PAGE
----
Thursday, September 9
Earth and Atmosphere
Thursday, September 9
10:00 am - 10:45 am
Live Stream: Join stream



Session Four

Abstracts for each presentation are below and the feedback link. Please take the time to fill out the form. Your feedback will be used to identify the best poster and best oral presentation as well as providing valuable comments for the presenters.

Feedback Link

10:00 Laura Warwick: Developing a spectrometer for measurements of far-infrared emissivity

The emissivity of a surface is a measure of the amount of radiation that surface emits at a given temperature. Knowledge of the emissivity of the Earth’s surface is vitally important for the prediction of future climate. The emissivity of a surface is dependent on wavelength, material type, surface properties (such as roughness) and temperature, making it difficult to model. This means physical measurements are required to characterise surface emissivity. The emissivity of important surface types, including ocean, ice, and desert, are well known in the mid-infrared (wavelengths 8 to 15 microns) however only 2 measurements have been made of emissivity in the far-infrared (wavelengths longer than 15 microns), even though the far-infrared makes up around 50% of the outgoing radiation from Earth. Previously, it had been thought that far-infrared emissivity did not have a large impact on the global climate, as surface radiation from this portion of the spectrum was mostly absorbed by atmospheric water vapour. However recent modelling studies have indicated that this is not the case and including realistic far-infrared emissivity values can reduced observed biases in global climate models. It is therefore important to have accurate measurements of far-infrared emissivity for a variety of surface types. To address this lack of measurements, we are developing a spectrometer that will make in-situ measurements of emissivity in the far-infrared.

10:15 Harry Frost: Microplastic Fibres: Generation, Transport and Interactions with Metals

The laundering of synthetic textiles has been highlighted as a diffuse source of microplastic (< 5 mm length) fibre pollution. Up to 6,000,000 synthetic fibres can be shed from an average wash, and are transported to wastewater treatment plants via wastewater systems. Up to 99.9% of fibres are retained in the sewage sludge, which is often applied to agricultural land, providing a pathway for microplastic fibres to enter soils. During wastewater treatment, fibres are exposed to elevated concentrations of potentially toxic metals, which may sorb (attach) to the fibre surfaces and be transported to agricultural soils.

Our research aims to investigate the mechanisms influencing the adsorption of these elements to microplastic fibres. Polyester fabric was milled to produce microplastic fibres. Fibres were shaken with metal solutions to calculate the concentration of metal sorbed onto the fibres. Fibre-metal interaction time was varied from 5-360 minutes to investigate the kinetics of the sorption of mercury, cadmium, and lead. After shaking, suspensions were filtered, and metal concentrations were determined by ICP-MS.

Sorption was highest for mercury, followed by lead and then cadmium. For mercury and lead, initial sorption was very rapid, followed by a plateau after approximately 3 hours. Mercury sorption reached 16 µg/g at equilibrium. Fabric rinsing revealed significant leaching of antimony, probably due to the use of antimony trioxide as a catalyst in polyester production. These findings suggest polyester has the capacity to rapidly adsorb toxic metals such as mercury and lead in wastewater, which may alter metal bioavailability to soil organisms. Pristine fabrics may also act as a diffuse source of antimony. Further work aims to construct isotherms describing the adsorption of these metals to polyester fibres over a range of pH values, and to use microcosm studies to investigate the bioavailability of polyester-bound mercury to earthworms.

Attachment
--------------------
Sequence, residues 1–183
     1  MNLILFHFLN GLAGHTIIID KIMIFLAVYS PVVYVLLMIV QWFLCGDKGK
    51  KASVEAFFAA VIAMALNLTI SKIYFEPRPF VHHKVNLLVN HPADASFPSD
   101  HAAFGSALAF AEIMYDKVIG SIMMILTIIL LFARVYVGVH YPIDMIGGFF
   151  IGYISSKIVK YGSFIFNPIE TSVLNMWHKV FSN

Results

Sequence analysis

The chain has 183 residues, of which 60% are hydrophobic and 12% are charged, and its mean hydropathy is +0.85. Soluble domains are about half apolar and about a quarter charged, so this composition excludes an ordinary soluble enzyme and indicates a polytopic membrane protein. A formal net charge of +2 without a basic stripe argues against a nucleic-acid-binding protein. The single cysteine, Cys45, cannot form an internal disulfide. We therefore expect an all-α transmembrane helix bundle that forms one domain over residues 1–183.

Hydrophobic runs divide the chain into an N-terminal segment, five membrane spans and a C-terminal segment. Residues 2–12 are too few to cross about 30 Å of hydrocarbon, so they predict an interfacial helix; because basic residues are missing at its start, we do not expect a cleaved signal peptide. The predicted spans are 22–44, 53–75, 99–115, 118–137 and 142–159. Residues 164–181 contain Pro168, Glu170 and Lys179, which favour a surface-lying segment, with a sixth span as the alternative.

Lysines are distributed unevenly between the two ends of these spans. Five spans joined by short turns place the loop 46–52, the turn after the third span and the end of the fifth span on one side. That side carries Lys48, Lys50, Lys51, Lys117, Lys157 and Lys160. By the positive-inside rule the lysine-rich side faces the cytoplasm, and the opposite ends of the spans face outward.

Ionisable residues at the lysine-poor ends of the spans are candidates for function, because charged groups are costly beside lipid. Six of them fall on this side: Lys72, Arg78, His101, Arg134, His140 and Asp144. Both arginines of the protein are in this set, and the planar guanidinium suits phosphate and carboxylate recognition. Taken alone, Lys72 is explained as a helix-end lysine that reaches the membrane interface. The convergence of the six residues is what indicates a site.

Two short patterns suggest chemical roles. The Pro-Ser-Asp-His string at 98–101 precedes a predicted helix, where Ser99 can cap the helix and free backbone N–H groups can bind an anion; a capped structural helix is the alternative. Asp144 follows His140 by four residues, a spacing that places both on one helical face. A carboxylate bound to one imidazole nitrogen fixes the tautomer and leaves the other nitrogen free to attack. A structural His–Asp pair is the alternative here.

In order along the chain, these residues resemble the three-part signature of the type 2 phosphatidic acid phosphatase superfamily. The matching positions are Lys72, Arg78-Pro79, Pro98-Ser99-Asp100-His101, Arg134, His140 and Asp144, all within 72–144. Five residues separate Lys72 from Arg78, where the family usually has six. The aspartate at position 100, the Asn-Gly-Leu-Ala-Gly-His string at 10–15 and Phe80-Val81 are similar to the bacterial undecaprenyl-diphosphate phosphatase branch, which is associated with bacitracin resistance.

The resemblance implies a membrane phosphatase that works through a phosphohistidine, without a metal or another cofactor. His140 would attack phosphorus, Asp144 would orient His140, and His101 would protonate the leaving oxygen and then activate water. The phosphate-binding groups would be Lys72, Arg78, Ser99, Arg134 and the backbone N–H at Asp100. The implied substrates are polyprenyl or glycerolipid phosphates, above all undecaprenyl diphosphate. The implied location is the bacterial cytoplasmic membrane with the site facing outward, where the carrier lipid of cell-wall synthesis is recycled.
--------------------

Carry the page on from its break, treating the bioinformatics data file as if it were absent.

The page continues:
10:30 Sam Willard: Organic carbon storage along a nitrogen deposition gradient

Soil plays a major role in the cycling of water and nutrients, thereby impacting plant productivity and the turnover of soil organic matter (SOM), which represents a larger carbon pool than the atmosphere and vegetation combined. Long term storage of SOM is largely controlled by the soil microbial community and can influence plant productivity. SOM stocks are characterized by the accessibility of organic compounds to microbes. Quantifying the turnover of POM to MAOM and its chemical stability is extremely informative for predicting the residence time of soil C and understanding its regulators. Because of its fertilization property for microbes and plants, known quantities of deposited N could be used to predict POM build-up and turnover rates. Efforts to distinguish the effects of N addition on microbial decomposition in field studies have only added more uncertainty. SOM levels have been shown to lessen upon N fertilization at some sites while other studies found slowed microbial respiration and accumulation of SOM upon addition of inorganic N, indicating less SOM turnover. Measuring POM and MAOM levels as a function of N availability could be informative for quantifying SOM stability and longevity. Given the scope of global N deposition and the presence of accurate georeferenced datasets, exploring the dynamics through which it impacts SOM storage could be extremely consequential for C modelling and land management. Through my research, I am exploring the storage of SOM and soil microbial dynamics along a N deposition gradient in the UK.

Add to my calendar

Add to Google Add to Outlook (.ics)

Create your personal schedule through the official app, Whova!

Get Started